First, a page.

To celebrate Nissan’s long term relationship with polyphony digital and their soon to be released new video game, Gran Turismo Sport, they’ve decided to make the ultimate radio controlled race car.
This one-off new project saw Nissan GB team up with JLB Design Ltd, using a standard specification 542bhp V6 2011 R35 GT-R.
Nissan has always been at the forefront of ingenuity and innovation in motorsport for the past 80 years, combining technology and performance for that competitive edge. Since 2008 they’ve also been heavily involved in finding motorsport more accessible to everyone, holding competitions in video games for the winners to then move onto the GT academy. This is the final selection process whereby the winner gets to be a professional driver and swap the couch for the racing bucket seat.
Named the GT-R/C, JLB Design fitted the driverless Nissan with four robots for the braking, steering, transmission and throttle. A total of six computers are located in the boot to monitor and constantly update the inputs from the playstation controller up to 100 times per second, making sure the input times are reduced.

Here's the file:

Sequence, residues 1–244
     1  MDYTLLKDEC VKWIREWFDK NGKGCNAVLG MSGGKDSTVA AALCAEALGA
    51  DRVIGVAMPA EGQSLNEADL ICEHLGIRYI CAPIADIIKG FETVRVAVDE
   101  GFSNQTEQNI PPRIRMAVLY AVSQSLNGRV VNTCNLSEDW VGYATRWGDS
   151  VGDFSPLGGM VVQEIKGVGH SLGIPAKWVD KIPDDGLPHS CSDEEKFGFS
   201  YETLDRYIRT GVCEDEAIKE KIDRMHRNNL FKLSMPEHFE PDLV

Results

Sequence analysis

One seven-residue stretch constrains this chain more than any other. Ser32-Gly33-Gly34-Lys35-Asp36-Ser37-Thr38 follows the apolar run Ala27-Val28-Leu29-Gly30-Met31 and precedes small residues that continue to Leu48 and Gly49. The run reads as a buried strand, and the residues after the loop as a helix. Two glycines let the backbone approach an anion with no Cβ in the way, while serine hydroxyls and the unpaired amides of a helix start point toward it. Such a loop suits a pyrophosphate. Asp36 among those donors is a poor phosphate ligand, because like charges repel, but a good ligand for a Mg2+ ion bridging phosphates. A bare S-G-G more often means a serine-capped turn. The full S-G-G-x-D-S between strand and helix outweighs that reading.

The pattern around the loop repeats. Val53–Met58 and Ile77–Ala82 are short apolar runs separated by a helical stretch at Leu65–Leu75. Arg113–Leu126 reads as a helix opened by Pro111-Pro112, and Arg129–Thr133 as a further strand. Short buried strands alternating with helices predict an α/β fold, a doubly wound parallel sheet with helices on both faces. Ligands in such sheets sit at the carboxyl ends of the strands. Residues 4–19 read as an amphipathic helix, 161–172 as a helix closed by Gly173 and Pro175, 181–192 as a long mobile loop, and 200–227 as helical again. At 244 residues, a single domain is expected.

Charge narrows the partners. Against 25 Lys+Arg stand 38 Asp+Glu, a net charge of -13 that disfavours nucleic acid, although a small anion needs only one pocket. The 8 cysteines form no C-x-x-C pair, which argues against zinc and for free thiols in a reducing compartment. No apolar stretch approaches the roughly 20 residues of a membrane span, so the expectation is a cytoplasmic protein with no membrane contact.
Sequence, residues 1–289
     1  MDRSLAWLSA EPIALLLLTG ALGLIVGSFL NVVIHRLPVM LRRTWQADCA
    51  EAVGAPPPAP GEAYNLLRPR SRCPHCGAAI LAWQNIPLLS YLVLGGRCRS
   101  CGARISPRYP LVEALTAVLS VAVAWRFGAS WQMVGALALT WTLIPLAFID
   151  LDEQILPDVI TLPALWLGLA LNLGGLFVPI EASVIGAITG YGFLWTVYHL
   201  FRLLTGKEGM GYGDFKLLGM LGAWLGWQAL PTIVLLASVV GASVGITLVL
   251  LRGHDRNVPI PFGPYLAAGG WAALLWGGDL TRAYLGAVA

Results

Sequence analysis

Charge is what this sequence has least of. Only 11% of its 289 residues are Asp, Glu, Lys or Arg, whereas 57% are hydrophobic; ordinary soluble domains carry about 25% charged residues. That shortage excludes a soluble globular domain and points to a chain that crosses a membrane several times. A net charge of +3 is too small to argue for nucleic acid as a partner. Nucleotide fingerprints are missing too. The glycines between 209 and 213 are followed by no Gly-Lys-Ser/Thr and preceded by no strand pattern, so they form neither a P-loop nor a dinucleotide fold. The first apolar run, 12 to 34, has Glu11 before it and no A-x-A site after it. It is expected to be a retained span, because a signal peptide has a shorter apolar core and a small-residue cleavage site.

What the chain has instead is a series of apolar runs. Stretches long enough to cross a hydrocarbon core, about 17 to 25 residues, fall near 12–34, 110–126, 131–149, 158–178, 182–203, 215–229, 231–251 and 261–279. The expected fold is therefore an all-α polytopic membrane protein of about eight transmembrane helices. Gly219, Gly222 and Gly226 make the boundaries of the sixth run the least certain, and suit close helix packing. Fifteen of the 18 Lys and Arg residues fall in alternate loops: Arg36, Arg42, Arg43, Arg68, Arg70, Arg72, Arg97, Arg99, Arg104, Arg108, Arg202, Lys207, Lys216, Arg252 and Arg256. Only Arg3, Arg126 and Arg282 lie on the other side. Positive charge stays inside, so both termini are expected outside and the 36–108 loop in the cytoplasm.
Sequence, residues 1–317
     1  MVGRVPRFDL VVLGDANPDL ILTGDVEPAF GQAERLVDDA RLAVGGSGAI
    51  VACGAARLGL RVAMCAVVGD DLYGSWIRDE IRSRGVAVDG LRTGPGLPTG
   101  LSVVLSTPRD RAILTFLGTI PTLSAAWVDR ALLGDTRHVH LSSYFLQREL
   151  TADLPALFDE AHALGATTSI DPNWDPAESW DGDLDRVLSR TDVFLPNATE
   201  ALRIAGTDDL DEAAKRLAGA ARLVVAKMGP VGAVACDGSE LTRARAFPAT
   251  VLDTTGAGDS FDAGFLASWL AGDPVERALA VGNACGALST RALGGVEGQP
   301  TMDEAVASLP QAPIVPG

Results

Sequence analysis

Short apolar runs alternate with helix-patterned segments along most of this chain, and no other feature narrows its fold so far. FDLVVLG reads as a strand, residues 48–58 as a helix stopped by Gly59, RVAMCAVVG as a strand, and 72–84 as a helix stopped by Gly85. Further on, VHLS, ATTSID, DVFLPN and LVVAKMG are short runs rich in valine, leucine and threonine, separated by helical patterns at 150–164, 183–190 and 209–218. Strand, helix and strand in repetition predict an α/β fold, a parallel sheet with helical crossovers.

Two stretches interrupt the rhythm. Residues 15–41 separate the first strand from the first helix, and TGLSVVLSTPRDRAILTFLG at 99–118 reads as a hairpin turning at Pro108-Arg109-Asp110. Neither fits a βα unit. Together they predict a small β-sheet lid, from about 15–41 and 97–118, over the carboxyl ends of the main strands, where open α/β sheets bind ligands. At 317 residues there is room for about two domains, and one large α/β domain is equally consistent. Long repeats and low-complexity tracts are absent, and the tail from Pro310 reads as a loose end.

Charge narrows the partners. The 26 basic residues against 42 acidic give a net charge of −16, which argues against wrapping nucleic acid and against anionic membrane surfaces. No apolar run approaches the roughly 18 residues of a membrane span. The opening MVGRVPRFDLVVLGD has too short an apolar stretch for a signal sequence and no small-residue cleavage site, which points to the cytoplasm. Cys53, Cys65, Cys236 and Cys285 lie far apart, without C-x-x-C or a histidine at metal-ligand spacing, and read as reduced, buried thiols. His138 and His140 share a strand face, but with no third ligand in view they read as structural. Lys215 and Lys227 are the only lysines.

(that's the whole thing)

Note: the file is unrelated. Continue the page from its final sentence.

New Nissan GT-Radio Controlled
The playstation controller remains standard with no modifications, but it does connect to a micro computer that interprets the joystick movements and buttons before feeding them on to the car up to 1 kilometre away.
Safety systems were also used to work independently from the other car controls, as two other operators could engage full ABS braking and cut the engine in the event of a malfunction or loss of control.
Nissan chose former GT academy graduate Jann Mardenborough, to take control of the car for some hot laps around the Silverstone circuit. To keep up with the car around the circuit a small helicopter was used to fly Jann around following the track, he also had an LCD screen with the engines rpm and speed beamed directly from the car so he could accurately judge braking and cornering speed.
James Brighton, JLB Design Ltd commented; “The GT-R /C presented some unique challenges and a number of engineering firsts for us. We had to ensure the robotics would operate effectively during fast acceleration/deceleration as well as high cornering g-forces; deliver realistic and reassuring control of the car at all speeds; and maintain a robust connection between the car and the playstation controller over variable distances and with minimal latency in robot response times.